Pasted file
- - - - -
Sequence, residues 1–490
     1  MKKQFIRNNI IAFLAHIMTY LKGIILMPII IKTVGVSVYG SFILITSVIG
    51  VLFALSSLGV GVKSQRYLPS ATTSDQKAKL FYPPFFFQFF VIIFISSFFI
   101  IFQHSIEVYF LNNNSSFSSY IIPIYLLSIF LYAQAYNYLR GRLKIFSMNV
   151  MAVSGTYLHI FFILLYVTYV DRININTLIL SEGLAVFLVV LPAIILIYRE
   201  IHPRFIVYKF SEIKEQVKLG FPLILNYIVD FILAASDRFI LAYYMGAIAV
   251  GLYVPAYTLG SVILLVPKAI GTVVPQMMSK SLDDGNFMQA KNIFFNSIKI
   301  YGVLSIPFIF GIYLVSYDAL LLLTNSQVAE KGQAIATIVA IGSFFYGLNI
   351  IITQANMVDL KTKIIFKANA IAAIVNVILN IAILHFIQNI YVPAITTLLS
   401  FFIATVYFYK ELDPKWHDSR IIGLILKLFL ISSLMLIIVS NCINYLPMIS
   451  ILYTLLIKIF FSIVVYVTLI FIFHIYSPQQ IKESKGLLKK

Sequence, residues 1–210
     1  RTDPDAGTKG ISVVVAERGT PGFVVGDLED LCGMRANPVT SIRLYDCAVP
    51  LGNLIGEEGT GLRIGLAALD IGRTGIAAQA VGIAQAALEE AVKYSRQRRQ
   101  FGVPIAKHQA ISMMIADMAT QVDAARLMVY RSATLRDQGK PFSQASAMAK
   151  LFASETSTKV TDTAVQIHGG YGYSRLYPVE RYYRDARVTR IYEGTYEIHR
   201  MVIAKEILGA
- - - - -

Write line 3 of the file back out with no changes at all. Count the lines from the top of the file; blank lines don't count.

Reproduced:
    51  VLFALSSLGV GVKSQRYLPS ATTSDQKAKL FYPPFFFQFF VIIFISSFFI